Resilience 101 Are you at risk for burnout in surgery?

Practicing medicine is dangerous!

The modern-day boiler room continues to exist in the Operating Suite.   The amount of resilience and fortitude it takes to survive the training alone could compare only to other high stress and high stakes jobs like bomb disposal technicians.  There is no wonder that physicians command the highest suicide rate second only to Marine Engineers.  Yet despite this little has changed in medicine to help alleviate this burden and young self-sacrificing medical students will continue to choose a profession that may literally kill them.

Some people are extraordinary

The buzz word for physician burnout in the medical journals and c-suites continues to revolve around Resilience.   Not fully understanding the concept and recently overcoming the throes of burnout, I decided to investigate for myself what this concept means and how it applies to my situation.

What is Resilience? According to Friborg1:

For centuries, writers have been inspired by the extra-ordinary capacity some people show in combating adversity or misery. In psychology, however, the study of unexpected positive outcomes, today referred to as resilience.

The historical background of resilience:

Since 1995 numerous researchers have sought out a way to define, organize and ultimately measure the elements of resilience for two reasons 1:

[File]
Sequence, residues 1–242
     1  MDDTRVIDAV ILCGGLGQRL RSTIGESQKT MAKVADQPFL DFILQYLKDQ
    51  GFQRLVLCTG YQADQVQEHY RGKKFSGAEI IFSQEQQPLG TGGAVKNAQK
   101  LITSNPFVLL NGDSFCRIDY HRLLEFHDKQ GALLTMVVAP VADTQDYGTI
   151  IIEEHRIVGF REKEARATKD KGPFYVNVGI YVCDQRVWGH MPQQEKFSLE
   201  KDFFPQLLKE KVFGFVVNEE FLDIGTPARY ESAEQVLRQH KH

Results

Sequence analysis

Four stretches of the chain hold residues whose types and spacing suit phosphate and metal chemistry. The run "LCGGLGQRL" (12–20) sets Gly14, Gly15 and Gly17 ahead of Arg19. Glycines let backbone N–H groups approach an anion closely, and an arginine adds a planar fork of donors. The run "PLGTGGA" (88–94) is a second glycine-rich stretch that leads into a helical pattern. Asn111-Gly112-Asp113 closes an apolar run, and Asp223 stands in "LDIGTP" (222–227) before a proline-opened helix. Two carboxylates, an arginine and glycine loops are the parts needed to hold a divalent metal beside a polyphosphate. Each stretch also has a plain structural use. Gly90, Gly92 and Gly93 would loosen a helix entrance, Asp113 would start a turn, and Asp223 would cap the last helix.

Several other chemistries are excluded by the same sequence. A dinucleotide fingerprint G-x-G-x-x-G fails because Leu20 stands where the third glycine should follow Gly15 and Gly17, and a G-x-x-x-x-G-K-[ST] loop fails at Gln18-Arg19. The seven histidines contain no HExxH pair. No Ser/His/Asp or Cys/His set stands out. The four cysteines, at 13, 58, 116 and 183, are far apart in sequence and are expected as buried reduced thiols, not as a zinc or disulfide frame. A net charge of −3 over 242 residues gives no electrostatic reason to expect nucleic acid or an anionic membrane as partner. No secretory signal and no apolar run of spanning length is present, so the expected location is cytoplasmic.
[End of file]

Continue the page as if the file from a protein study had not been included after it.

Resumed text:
1. “It may provide evidence about which factors are most central for regaining and maintaining mental health for different patients.”
  2. “It may help in the selection of personnel who will manage tougher job demands.”

Ultimately the researcher’s search for the elements or traits of a person which would enable them to survive “extraordinary” circumstances.   Instead of looking at the problem, the focus centers on the individual and mechanistically structures a person who can withstand stress, a super being.  Therefore if they fail the person was not good enough to handle the pressure.

Hopefully, this leads to flashbacks in your own career or training.   “Calling me is a sign of weakness” as an example.  We self-select in medicine in general and surgery in particular to find the person willing to take abuse, pressure, sleep deprivation and very long hours to maintain the façade of the profession.  Some call it “training” others may call it educational Brainwashinglook up Patty Hurst, one of the most famos examples in this country.

What are the pillars of resilience?

They are known as the Big 5 in psychology which includes:

  • Extroversion
  • Openness
  • Neuroticism
  • Conscientiousness
  • Agreeableness

The original list included 16 different factors but over time researchers discovered these five were the most important and they seem to be universal across many customs and cultures.   The test subject gets measured on each of the five traits and then assigned a score.  This score then can potentially predict which person will crack under pressure.   According to Friborg each of the big 5 carry different weight and can be more predictive than other traits.


This trait reflects a person’s ability to have tendencies toward fantasy, aesthetics, feels, ideas and values which are usually clustered together.  “Openness involves six facets, or dimensions, including active imagination (fantasy), aesthetic sensitivity, attentiveness to inner feelings, preference for variety, and intellectual curiosity2.”  On a very basic level some people are considered to be either open or closed minded within a spectrum.